Out My Back Door – the Doe River Mill Race12:49 pm | December 5, 2011
“…Doot doot doot lookin’ out my back door.”
“Lookin’ Out My Back Door’ is a song recorded by the American band Creedence Clearwater Revival. While the lyrics paint some vivid imaginary pictures, there are some interesting scenes that are real in everyone’s backyard.
Out my backdoor is the Doe River Mill Race. I live in one of the Old Mill Stream Condos on Race Street, and if I look close enough I can see the concrete foundation of the old Doe River Overall Plant.
At one time there were several small industries located on the Doe and Watauga Rivers that used water for power. Among them was the Doe River Woolen Mill, which was located on the Watauga side of Race St. It produced woolens, blankets, yarns, wool jeans, and socks, and reportedly employed some 40 people. Adjoining the mill was a commissary operated by D.E. Taylor.
Also, there was a brick factory located between Race Street and the river, which was known as Captain Rhudy’s Brick Plant.
But, right out my back door was where Power City Milling Co. and the Doe River Overall Factory were located, and they, too, were powered by the Doe River Mill Race.
Originally the Watauga Flour Mill, it was later known as the Power City Milling Co. The mill was located just north of Broad and Sycamore Streets, and was operated by J.R. Bowie of Roanoke, Va. from 1910 to 1938. The mill manufactured flour, meal and feed. Bowie sold the mill to Bill Weber of Bluff City. Later owners were T.K. Griffith and N.B. Jackson.
The building was divided into two parts, housing a flour mill south of the mill race, and a pants factory on the north side. The pants factory was first operated by N.B. Jackson and later was owned and operated by W.P. Dungan and L.H. Rhudy. Known as the Island Pants Company, the business operated from 1910-1914.
D.E. Taylor and his son, Burchell (B.R.) and Frank Dungan purchased the factory around 1922. They operated under the name of Doe River Overall Company. Its product, as the name implies, was overalls, with the trade name of “Jobbers.” Hundreds of dozens of overalls and overall coats were manufactured yearly. At the height of its business, approximately 65 women were employed at the overall factor and worked under the supervision of Lee Broyles. According to the Carter County History Book, some of the employees were Dot Ensor, Etta Pierce Grindstaff, Virgie Nidiffer, Alice Bowers, Ruth Garrison, a Miss Stout, and Victor Broyles, who was the cutter.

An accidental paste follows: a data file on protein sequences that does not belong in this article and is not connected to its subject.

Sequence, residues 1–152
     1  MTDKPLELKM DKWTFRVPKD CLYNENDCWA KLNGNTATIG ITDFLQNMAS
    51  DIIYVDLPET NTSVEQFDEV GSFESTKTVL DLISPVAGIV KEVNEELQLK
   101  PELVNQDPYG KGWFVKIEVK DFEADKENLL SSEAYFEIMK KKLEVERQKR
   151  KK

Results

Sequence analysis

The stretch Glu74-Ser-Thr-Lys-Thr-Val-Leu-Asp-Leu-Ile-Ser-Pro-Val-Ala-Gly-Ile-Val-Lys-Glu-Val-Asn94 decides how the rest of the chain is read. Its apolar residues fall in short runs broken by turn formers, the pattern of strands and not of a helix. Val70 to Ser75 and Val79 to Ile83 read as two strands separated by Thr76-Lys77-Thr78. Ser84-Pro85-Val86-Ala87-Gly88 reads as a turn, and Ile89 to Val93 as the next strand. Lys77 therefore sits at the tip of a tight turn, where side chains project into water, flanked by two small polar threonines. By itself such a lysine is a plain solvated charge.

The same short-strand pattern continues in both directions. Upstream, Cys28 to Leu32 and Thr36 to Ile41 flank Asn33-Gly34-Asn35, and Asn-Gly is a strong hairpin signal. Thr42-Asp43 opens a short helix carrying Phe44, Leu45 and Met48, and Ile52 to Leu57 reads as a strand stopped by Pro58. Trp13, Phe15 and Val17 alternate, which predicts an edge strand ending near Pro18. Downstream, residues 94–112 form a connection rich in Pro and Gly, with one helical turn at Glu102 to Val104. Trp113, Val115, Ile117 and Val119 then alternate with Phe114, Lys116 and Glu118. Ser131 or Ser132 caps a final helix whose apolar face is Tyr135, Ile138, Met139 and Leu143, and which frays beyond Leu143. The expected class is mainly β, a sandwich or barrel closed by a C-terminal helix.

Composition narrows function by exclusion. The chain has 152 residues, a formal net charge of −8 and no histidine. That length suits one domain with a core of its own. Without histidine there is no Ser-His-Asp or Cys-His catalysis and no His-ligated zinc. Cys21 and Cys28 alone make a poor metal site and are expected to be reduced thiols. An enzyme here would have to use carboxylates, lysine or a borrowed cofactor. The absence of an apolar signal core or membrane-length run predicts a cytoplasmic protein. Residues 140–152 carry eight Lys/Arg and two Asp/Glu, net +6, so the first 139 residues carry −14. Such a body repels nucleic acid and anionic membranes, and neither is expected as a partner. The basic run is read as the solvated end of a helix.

The overall factory operated up until the Depression, when the WPA employed the factory to run government regulations, which were headed by Mrs. Carrie (B.R.) Taylor and Marguerite Clark Davis, who served as secretary. Commodities were distributed by the Tennessee Emergency Relief, among which were eggs, cornmeal and grapefruit. Mrs. Taylor, in an interview in the STAR several years ago, said some that received the food would take the grapefruits out of the boxes and bags and play ball with them. When they finished playing they would throw the grapefruits in the mill race. The waiting room of the building, where people registered for the food was heated by a big “pot belly” stove.
Another phase of their work was taking and processing applications for jobs with the Civilian Conservation Corps (CCC).
Several federal funded programs were initiated at this location under the supervision of Mrs. Taylor.
The Power City Mill building – a three-story building, was destroyed by fire in December, 1958. At the time, both it and the overall plant were owned by Verlin Frost, who acquired them in the early 1950s. He made flour at the mill, and used the overall plant as offices.